Yes, I know that Doug Welborn, East Baton Rouge Parish Clerk of Court vs. MERSCORP Shareholders and Trustees (“the banksters”) is a bit unwieldy as a case name, but it’s a lot less wieldy than the actual name — [32 parish clerks in Louisiana, so far] vs. [16 big banks including TBTF poster weasels BAC, JPM, and WFC (but not GS)] — so I think I’ll just go with “Welborn” from here on in.
The triple damages claim under civil (sigh) RICO is a billion dollars or so for Louisiana alone — real money — which makes Welborn interesting. Even more interesting is that RICO, as a “theory of the case,” is simple, clean, and easy to explain, unlike so many of our criminal banksters’ crooked schemes. We caught up with the trial lawyer for Welborn, Ted Lyon, and interviewed him. Did I mention the claim is for a billion?
Skip ahead, if you want, to the interview, it’s indented, but the backstory is important, too: Hat tip to alert reader Roger Bigod, who piqued my interest in comments with “county clerk’s suit”, leading to this link on Louisiana clerks suing the banks under RICO. So I searched the go-to site on foreclosure fraud and found this post (love the graphic!), which linked to this fine story in the Baton Rouge Advocate. The reporter, Bill Lodge, had some excellent quotes from Richard D. Faulkner, Esq., so I found Faulkner and called him. Faulkner was gracious enough to play phone tag with a pseudonymous blogger whose answering machine was full, and then to hear him out. He put me in touch with Ted Lyon, who’s going to try Welborn. (It seems that these days there are very few lawyers who actually appear in court, but Lyon is one such. I note with pleasure that Lyons took a packet from Koch Industries for the death of a child.) I then arranged, on very short notice, for a professional interviewer (hat tip, SM) to speak with Lyon, and a professional transcriptionist (hat tip, KL), whose collaboration you see below. With more time, we’d have done more preparation and some editing, but think of any solecisms as signs of authenticity, like scars in fine leather.
I go through all this detail, not to bewail the rigors of a blogger’s life, but to raise a single, simple question: Why does The New York Times give front page treatment to a $25 million bribery scandal run out of Bentonville, Arkansas, and no coverage whatever to the filing of a $1 billion dollar lawsuit over an accounting control fraud scheme run largely out of Manhattan? (“Your search – Baton Rouge RICO site:www.nytimes.com – did not match any news results”; 2:20AM, April 25, 2012.) A question that answers itself, once asked. Perhaps Krugman will cover the story in his blog.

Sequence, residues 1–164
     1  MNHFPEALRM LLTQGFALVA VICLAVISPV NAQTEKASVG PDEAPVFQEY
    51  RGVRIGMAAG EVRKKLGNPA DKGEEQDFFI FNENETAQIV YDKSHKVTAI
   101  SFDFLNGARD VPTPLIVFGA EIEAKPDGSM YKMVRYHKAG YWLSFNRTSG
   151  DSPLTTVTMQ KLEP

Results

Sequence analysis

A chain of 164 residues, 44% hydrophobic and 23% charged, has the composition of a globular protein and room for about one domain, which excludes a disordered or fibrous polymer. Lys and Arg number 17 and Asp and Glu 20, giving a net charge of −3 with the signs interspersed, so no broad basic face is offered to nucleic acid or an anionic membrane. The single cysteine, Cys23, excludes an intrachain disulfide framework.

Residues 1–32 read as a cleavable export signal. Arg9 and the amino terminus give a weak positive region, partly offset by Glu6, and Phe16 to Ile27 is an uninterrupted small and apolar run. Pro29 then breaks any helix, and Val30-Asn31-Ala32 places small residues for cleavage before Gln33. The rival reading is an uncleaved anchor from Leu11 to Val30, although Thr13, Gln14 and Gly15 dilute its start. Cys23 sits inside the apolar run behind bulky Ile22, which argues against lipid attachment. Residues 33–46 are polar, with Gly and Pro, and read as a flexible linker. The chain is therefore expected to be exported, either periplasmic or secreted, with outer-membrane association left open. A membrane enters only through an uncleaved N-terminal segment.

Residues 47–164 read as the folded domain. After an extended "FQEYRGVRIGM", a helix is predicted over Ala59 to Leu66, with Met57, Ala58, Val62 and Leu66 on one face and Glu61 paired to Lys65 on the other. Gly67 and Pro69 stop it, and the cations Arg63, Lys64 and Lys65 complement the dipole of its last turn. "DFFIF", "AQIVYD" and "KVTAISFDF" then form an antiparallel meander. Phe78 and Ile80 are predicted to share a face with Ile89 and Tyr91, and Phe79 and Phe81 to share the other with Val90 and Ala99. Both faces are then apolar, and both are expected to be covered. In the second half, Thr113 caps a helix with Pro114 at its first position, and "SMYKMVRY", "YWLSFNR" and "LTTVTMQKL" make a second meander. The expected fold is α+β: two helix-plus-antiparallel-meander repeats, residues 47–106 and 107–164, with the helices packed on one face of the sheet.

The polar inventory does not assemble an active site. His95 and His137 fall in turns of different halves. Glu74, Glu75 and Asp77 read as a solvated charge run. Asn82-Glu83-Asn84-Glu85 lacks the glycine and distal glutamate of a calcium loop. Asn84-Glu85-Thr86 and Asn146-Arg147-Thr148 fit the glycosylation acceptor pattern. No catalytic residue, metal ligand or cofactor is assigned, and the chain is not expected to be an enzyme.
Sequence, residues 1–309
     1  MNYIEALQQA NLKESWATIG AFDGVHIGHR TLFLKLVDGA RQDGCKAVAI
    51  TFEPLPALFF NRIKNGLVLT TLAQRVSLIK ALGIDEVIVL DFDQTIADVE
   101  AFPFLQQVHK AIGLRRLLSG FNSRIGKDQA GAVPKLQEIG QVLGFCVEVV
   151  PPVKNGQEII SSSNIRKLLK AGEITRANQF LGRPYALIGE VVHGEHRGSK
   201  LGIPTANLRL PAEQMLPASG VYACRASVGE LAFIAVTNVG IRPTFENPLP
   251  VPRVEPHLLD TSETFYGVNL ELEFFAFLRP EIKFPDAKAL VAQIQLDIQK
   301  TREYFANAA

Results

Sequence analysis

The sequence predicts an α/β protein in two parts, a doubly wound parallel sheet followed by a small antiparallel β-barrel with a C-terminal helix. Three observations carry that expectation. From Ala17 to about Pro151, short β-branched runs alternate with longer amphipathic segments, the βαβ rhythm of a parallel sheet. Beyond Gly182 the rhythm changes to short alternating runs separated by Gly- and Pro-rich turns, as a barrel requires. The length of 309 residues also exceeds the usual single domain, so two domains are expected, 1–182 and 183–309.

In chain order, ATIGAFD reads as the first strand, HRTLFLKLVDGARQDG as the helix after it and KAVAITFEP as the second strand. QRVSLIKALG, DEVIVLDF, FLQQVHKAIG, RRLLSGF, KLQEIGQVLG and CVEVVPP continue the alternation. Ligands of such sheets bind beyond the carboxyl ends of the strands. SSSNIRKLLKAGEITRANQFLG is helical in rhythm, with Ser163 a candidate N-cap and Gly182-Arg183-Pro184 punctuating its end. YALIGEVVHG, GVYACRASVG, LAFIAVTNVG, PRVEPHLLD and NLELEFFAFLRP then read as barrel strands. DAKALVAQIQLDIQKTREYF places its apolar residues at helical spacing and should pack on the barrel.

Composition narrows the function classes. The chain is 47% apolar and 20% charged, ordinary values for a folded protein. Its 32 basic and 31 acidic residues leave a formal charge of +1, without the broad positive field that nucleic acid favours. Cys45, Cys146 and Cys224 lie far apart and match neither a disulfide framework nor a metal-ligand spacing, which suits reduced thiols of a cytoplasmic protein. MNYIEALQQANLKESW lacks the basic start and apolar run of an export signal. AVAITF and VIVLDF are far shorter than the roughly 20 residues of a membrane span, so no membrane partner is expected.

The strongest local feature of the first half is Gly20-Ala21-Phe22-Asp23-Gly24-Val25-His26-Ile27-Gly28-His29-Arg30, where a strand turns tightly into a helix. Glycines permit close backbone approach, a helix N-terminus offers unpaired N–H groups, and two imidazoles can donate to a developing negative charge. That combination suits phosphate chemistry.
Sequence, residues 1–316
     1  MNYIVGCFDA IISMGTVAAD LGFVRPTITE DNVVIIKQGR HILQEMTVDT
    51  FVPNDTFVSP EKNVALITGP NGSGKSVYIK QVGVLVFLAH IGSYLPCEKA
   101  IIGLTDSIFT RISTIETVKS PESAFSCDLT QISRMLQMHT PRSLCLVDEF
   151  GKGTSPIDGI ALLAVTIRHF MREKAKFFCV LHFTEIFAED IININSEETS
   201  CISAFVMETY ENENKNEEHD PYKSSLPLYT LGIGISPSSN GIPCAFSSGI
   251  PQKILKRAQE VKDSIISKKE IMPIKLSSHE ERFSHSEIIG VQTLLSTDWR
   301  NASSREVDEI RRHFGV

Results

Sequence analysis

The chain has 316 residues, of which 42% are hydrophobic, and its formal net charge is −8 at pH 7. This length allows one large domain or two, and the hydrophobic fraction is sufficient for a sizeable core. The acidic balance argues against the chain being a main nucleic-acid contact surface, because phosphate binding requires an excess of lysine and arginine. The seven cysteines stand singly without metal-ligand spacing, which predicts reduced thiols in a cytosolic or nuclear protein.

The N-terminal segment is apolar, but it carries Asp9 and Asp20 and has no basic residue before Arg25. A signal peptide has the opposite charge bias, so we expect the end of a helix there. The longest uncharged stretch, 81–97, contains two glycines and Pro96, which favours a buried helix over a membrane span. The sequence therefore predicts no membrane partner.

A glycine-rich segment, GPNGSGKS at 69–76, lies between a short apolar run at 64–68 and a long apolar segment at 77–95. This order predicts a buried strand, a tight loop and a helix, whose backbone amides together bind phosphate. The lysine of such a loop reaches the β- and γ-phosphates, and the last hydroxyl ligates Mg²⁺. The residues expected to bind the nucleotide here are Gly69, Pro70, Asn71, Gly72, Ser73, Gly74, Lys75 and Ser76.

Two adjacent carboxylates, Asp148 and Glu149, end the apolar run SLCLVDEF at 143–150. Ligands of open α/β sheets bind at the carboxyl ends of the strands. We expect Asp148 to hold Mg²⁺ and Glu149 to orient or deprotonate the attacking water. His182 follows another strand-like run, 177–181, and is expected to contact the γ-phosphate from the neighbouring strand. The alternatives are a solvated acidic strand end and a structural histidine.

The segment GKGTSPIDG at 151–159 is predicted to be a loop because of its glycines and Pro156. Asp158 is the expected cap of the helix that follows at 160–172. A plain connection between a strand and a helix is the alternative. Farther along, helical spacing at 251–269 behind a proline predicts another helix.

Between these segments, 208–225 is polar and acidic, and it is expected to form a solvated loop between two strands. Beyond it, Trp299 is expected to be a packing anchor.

So, to the interview, which took place yesterday, April 24,at 9:00AM EST. Note that one of our goals in the interview was to get the theory of the case explained in simple terms, so that we can explain it to our neighbors or in the coffee shop. After the interview there is a copy of the complaint, and so, readers, you may introduce as much complexity as you wish. (If the copy does not display in your browser, try the link.) Further, you will notice that Lyon seems to be familiar with the great Peggy Noonan’s dictum It would be irresponsible not to speculate. And, quite properly for one in his position, to disagree with it completely. You, readers, however, may speculate freely!
SM: We’re speaking with Ted Lyon of Ted Lyon & Associates. Mr. Lyon is filing a suit regarding the MERS, Mortgage Electronic Registration System. Thank you for joining us, Mr. Lyon.
TED LYON: Well, thank you.
Tell us what MERS is.
TED LYON: Mortgage Electronic Recording System is a system set up by a number of banking entities, primarily in New York, the large financial institutions, to avoid recording fees that they are due to pay across the United States every time they record a mortgage. This is tied back to the mortgage-backed securities that nearly brought the country to financial ruin. It was developed on Wall Street by a lot of folks in that industry, and each time you have a mortgage, by law in almost every state, the person that sells that mortgage or transfers it, in other words the bank, is supposed to pay a recording fee to your local county clerk so they can keep the title clean and record it. They set this system up so they wouldn’t have to pay these fees, and we believe that eventually they have benefited to the tune of billions of dollars as a result of that, by not paying county clerks across the United States.
Well, let’s back up just a minute. The actual system, the Mortgage Electronic Registration System, is a computer database, basically, but that was set up by one company. Why do you say that it was set up by banks? Isn’t it a single company?
TED LYON: Correct. But all the evidence that we have developed shows that it was a scheme that was developed by the defendants that we have in this lawsuit.
Well, who are your defendants?
TED LYON: Well, I don’t have the list here. There are several of them [see below. –lambert]
How would you describe them? Are they the big four banks, or who are they?
TED LYON: The defendants are the major banking entities in the United States as well as some other banking entities, but the largest ones in the United States, but almost all of them are very huge banking entities.
So is MERSCORP, Incorporated itself part of your suit or not?
TED LYON: Yes, it is.
So MERSCORP , Incorporated is the actual company that runs this database. They’re included plus the major institutions in the banking industry, is that right?
TED LYON: Yes.
Okay. So, give me a little bit about the background of this case. How did it come about? Who’s your plaintiff?